Latest posts by Michael Christianson (see all)
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Dryden has already laid the groundwork for acceptance and tolerance.
That was the feeling Kaeden Seburn and Behc Jax-Lynx had after meeting in the community where they spoke about supporting and affirming transgender and gender diverse youth.
Seaburn and Jax-Lynx are Ottawa based trans and non-binary identified public educators who study and facilitate workshops regarding transgender, non-binary and gender diverse history, educational, social and health best practices, as well as youth-led community development. More recently they have been driving across rural Ontario putting on workshops and to train and speak with professionals who are working with and supporting children and youth.
“I think that all of the conversations that we had with everyone were amazing, I’ve been really impressed throughout our tour with all the conversations that we’ve had,” said Seburn.
“When I tell stories and scenarios I think that in rural spaces and smaller towns people always think they are really far behind the city but when I share stories and experiences that I’ve had in the city where I tried to do this thing or tried to make this change and that was the response that I got, people just intuitively have an understanding of what it means to be supportive and affirming, that it doesn’t need to be complicated or as difficult as it seems in the city, so I think that really you are not behind at all.”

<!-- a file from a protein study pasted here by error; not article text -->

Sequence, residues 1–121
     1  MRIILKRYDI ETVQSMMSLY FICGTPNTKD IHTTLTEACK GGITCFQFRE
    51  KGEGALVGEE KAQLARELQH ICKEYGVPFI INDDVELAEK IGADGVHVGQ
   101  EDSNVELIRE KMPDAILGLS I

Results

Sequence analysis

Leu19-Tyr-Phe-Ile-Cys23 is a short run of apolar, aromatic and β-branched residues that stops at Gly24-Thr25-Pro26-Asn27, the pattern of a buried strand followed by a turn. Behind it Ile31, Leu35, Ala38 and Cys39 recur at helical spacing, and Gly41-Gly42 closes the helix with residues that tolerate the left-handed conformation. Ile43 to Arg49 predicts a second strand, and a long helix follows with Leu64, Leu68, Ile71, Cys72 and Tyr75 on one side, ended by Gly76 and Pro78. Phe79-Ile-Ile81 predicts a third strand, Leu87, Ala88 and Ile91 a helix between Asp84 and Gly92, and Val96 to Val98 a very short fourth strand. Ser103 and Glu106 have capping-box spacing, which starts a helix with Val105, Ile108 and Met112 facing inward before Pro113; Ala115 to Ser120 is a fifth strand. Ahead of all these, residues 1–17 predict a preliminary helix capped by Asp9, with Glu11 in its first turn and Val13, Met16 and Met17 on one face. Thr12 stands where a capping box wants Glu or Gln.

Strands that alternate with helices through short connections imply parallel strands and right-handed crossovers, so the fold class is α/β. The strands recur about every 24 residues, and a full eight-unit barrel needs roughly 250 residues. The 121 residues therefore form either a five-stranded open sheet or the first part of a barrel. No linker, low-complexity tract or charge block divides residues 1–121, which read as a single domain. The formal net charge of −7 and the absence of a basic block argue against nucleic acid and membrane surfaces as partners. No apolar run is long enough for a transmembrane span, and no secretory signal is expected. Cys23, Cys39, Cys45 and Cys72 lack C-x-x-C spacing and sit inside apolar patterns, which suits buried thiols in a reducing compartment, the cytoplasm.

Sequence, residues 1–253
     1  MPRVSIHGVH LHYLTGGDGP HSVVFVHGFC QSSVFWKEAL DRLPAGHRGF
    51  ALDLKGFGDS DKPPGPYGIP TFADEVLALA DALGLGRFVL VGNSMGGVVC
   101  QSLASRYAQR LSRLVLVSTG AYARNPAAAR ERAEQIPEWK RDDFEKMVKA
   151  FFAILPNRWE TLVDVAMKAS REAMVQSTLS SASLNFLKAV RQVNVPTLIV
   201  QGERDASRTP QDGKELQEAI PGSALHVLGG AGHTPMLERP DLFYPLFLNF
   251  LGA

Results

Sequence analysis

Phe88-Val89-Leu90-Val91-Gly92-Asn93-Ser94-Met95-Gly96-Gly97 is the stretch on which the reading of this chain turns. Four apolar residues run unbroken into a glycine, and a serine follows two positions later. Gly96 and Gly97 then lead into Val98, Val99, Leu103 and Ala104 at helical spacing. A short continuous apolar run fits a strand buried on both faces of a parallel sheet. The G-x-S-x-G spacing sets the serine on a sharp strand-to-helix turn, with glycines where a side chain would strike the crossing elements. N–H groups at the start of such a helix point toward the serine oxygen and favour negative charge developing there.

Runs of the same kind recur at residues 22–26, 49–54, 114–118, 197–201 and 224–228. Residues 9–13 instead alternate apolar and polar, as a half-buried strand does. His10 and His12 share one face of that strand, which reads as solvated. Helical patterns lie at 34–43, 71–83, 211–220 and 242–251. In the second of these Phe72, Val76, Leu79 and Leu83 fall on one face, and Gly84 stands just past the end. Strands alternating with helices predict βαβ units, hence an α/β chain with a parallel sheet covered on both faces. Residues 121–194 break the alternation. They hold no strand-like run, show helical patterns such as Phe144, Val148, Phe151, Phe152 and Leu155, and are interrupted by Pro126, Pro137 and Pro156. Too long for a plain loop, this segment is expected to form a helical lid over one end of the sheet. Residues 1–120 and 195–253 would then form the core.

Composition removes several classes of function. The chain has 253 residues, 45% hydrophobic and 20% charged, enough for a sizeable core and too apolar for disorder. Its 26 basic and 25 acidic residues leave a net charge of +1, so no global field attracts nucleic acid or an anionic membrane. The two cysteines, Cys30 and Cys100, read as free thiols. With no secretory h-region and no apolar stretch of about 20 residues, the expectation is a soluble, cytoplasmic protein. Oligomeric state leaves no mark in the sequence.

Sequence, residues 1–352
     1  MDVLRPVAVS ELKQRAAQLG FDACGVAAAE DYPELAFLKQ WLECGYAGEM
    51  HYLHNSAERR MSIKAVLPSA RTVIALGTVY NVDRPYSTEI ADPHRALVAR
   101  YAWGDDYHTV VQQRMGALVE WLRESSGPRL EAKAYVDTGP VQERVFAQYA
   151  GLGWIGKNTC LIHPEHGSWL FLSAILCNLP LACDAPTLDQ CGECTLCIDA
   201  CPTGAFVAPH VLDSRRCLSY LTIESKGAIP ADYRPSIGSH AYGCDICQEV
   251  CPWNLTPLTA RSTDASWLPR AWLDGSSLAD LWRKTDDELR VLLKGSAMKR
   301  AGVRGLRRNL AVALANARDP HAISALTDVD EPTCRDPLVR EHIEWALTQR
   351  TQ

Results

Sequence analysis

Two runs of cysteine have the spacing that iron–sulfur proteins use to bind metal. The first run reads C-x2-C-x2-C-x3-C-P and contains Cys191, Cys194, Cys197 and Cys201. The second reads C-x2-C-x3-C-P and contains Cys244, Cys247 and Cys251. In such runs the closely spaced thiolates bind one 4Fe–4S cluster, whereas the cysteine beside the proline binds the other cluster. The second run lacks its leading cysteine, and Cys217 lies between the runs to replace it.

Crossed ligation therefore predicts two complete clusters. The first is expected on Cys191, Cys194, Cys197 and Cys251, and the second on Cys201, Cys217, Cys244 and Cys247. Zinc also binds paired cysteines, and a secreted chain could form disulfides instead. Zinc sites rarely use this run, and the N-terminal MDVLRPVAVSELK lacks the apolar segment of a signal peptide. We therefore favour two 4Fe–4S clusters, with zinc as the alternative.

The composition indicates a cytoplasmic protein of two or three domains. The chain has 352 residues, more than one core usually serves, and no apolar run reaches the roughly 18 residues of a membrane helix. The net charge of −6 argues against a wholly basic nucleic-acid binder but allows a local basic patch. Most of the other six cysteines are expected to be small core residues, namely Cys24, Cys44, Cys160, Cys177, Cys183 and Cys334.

The pair emphasized that in a smaller community like Dryden it is easier to be connected and to find support.
“In each town we wouldn’t know who is supportive or who is interested in these conversations and that was one of the things that struck us both is how welcoming people are and how they want to engage in the conversations as well as inviting us to engage in the conversations that are already happening around health services and best practices.” Said Jax-Lynx.
“We are really talking about assessments for youth and ways that we can demedicalize the lives and experiences of transgender youth so that they are able to not be stuck in a health or medical model but that there can be that aspect of just being out in the community and being connected and to do other things which I think that within smaller towns is much more feasible, there’s a lot more connection with parents and health service providers and community members because everyone knows each other.”